Post authored by Communications Intern Olivia Brown
To anyone who loves truly local radio as much as we do, the “Local Radio Freedom Act” — the latest in a series of Congressional rumblings related to copyright and royalty issues — may sound like a noble cause. But look past the doublespeak title, and you’ll find that one man’s “freedom” is another man’s free lunch.
In reality, this act is actually a non-binding resolution backed by the National Association of Broadcasters, which represents huge corporations like Clear Channel, Cumulus, and Infinity. U.S. Representatives Gene Green (D-TX) and K. Michael Conaway (R-TX) reintroduced the act this past February — the same pair dropped a similar resolution in the previous Congress. The language of the resolution proposes that:
“…Congress should not impose any new performance fee, tax, royalty, or other charge relating to the public performance of sound recordings on a local radio station for broadcasting sound recordings over the air, or on any business for such public performance of sound recordings.”
Essentially, they’re talking about opposing a performance right for AM/FM radio. The goal is to make sure that broadcasters remain exempted from paying recording artists and labels when their songs are played over-the-air (as opposed to just paying the songwriters and publishers). The resolution currently has 118 co-sponsors in the House, and nine in the Senate.
The resolution was initially introduced in 2011 as a response to and attempted protection against 2009’s Performance Rights Act, which was never enacted. There is no current pending legislation at which this year’s reintroduction is aimed. However, if Register of Copyrights Maria Pallante’s recent testimony before the House Judiciary Committee’s Subcommittee on Courts, Intellectual Property and the Internet is any indication, the performance royalty may be brought to the Congressional table in the near future. Pallante called the United States’ lack of a performance royalty “indefensible” and pegged it as one of the first updates that should be made to U.S. copyright law. At this point, the United States sits in some interesting company with its lack of a performance right: China, Iran and North Korea are among the very few countries that do not compensate performers when their songs are played on the radio.
It’s important to keep in mind that when a song is digitally broadcast — by webcasters, Pandora, Sirius/XM or via cable — performers and labels are paid (in addition to songwriters and publishers). Check out our public performance right fact sheet for more info.
The premise of LRFA is misleading in a number of ways. For one, how “local” are the commercial stations that the NAB represents, really? The biggest stations may still be tied to specific cities and communities, but increasingly, they are owned by one of just a few large broadcasting companies. And these companies pushing radio in a less local direction through consolidated ownership, which results in fewer local DJs and more homogenous playlists. So while LRFA purports to protect something local or “homegrown,” this isn’t really the case.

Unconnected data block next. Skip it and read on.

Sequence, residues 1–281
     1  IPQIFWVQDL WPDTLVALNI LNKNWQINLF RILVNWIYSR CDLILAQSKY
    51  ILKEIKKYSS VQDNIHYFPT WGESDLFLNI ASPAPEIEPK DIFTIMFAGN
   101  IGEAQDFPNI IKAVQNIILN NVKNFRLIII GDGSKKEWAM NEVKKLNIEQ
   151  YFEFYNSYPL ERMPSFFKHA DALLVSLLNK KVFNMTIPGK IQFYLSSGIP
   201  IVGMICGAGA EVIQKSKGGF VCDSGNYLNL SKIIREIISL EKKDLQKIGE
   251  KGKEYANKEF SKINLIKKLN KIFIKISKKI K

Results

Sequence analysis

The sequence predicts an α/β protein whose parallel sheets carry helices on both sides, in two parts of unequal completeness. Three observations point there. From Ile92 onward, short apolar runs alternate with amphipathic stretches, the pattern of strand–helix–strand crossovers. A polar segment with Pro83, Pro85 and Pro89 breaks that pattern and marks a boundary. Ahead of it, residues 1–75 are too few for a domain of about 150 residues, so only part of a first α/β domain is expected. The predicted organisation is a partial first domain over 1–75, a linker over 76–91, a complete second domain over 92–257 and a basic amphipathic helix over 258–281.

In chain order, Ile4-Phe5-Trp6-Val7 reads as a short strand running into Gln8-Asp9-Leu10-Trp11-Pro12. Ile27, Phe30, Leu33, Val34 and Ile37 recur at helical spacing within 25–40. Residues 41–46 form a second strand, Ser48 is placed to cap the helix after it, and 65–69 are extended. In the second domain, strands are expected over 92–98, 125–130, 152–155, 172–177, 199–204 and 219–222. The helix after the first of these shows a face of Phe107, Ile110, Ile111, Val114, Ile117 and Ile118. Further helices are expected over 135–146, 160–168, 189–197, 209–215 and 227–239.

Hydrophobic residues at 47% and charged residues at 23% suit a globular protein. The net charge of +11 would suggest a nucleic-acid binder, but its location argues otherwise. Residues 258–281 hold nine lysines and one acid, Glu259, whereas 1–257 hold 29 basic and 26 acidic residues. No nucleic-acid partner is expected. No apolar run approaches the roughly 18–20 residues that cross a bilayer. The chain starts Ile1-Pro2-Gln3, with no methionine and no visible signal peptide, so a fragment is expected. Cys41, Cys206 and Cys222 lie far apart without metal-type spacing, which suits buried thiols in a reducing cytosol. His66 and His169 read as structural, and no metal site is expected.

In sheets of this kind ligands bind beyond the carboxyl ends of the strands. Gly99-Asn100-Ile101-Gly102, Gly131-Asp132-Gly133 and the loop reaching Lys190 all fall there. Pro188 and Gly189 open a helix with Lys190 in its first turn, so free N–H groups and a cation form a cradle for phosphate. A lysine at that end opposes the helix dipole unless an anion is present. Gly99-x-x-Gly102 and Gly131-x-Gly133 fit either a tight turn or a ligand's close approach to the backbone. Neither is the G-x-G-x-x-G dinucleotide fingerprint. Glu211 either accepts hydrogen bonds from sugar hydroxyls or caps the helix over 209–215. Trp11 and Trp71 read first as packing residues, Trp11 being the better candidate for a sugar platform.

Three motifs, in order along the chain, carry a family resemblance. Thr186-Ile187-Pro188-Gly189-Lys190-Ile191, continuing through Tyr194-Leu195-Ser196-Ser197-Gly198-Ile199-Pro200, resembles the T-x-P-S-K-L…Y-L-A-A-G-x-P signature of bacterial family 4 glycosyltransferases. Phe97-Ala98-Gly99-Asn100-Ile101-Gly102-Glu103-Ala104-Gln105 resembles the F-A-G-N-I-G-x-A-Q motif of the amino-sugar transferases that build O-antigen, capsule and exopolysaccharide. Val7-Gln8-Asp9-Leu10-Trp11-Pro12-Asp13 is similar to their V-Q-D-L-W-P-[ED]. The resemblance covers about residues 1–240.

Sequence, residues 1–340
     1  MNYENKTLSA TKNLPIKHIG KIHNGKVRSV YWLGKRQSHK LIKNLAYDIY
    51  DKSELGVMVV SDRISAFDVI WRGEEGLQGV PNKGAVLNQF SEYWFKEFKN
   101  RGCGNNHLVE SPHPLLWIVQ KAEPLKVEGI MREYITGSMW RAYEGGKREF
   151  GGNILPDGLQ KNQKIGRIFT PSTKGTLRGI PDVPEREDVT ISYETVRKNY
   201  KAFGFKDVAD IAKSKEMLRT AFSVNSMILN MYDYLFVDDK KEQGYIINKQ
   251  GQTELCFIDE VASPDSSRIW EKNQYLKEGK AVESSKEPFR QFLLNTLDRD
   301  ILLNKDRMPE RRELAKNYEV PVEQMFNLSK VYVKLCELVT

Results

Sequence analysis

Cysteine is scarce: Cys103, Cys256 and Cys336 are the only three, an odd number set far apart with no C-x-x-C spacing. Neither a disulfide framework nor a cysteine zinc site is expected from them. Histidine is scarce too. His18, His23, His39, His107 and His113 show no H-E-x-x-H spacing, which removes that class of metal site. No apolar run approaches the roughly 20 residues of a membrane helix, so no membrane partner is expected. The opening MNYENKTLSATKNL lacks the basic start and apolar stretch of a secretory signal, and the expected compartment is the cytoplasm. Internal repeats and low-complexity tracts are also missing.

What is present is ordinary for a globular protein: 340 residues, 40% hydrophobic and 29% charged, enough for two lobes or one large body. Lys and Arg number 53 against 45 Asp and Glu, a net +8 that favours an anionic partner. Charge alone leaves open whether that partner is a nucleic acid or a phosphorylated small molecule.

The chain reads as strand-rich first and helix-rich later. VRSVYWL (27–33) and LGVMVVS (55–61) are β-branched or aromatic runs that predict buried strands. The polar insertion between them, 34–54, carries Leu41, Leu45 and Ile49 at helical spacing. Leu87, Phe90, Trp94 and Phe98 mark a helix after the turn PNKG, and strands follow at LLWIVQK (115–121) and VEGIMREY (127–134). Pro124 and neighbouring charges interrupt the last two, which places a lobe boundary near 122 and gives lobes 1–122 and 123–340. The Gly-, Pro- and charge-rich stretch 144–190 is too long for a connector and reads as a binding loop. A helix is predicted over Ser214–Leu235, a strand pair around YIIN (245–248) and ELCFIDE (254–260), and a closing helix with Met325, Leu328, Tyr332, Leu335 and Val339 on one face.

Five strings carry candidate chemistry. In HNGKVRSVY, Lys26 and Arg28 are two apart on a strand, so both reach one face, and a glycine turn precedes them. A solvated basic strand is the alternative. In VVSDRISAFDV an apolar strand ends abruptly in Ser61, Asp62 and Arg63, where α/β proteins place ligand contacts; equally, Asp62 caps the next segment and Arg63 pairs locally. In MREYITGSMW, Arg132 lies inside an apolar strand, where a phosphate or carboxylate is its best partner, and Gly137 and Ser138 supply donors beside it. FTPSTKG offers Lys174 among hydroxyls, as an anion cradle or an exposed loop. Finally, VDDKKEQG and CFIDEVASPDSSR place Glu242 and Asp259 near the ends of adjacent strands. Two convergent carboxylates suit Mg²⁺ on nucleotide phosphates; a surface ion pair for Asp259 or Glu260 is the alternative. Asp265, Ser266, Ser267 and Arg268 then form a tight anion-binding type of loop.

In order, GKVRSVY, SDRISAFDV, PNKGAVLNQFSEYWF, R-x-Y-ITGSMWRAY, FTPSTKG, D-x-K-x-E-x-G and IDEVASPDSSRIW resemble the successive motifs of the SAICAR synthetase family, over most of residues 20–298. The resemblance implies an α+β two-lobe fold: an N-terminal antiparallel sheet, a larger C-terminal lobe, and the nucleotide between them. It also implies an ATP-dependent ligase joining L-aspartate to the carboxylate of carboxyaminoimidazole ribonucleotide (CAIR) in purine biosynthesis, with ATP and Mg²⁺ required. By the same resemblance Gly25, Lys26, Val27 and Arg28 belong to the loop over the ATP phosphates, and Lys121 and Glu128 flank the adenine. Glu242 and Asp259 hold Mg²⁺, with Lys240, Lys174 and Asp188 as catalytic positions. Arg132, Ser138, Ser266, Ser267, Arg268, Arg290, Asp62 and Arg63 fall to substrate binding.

(If a new performance rights bill is ultimately drafted, it will be important to ensure that truly local stations will only have to pay their proprotionate share. For those concerned about the effects on small, independent stations, we previously described why college radio should get behind the performance right.)
According to Billboard, the NAB has placed ads claiming that a performance right for sound recordings would be “bad for artists.” The ads claim that “foreign-owned record labels” are behind the effort to instate a performance royalty for sound recordings. In reality, support for the performance royalty can be found in all corners of the music-producing sector of the music industry, among labels and artists both major and independent alike. Any way you slice it, it’s difficult to think of a scenario in which a performance right would not benefit performers. Maybe a jazz or r&b artist well-known for interpreting “standards” doesn’t get played on consolidated commercial radio in the US, but they are played regularly in Europe. The lack of a reciprocal right means that these artists can’t collect. Some of them may not be able to tour. This income would surely be meaningful.
Can you think of another US labor export that other countries get for free?
You might hear calls for “parity” in broadcasting platforms, digital or terrestrial. This might be a principle worth pursuing. But if lawmakers are serious about it, creating a performance right for terrestrial radio would make the most sense. The vast majority of performing artists are not wealthy; any amount of compensation can be meaningful, and the absence of a revenue stream (or dramatic reduction) can sting.
It’s true that radio play generally benefits artists, but the arguments that radio gives artists boatloads of “free promotion” is also not without fault. These are multimillion dollar companies that attract listeners through the use of music, and sell ads based on listener share. If the radio conglomerate thinks that the performance has no value, maybe the robot DJ can sing the song straight into the mic.
Look, we’re not incredibly concerned that this resolution is going anywhere; it’s simply a way for certain politicians to demonstrate their fealty to the broadcast lobby. Still, the fact remains: radio needs performers. The rest of the world recognizes this and compensates in kind. It’s time for the US Congress to tune in to that reality.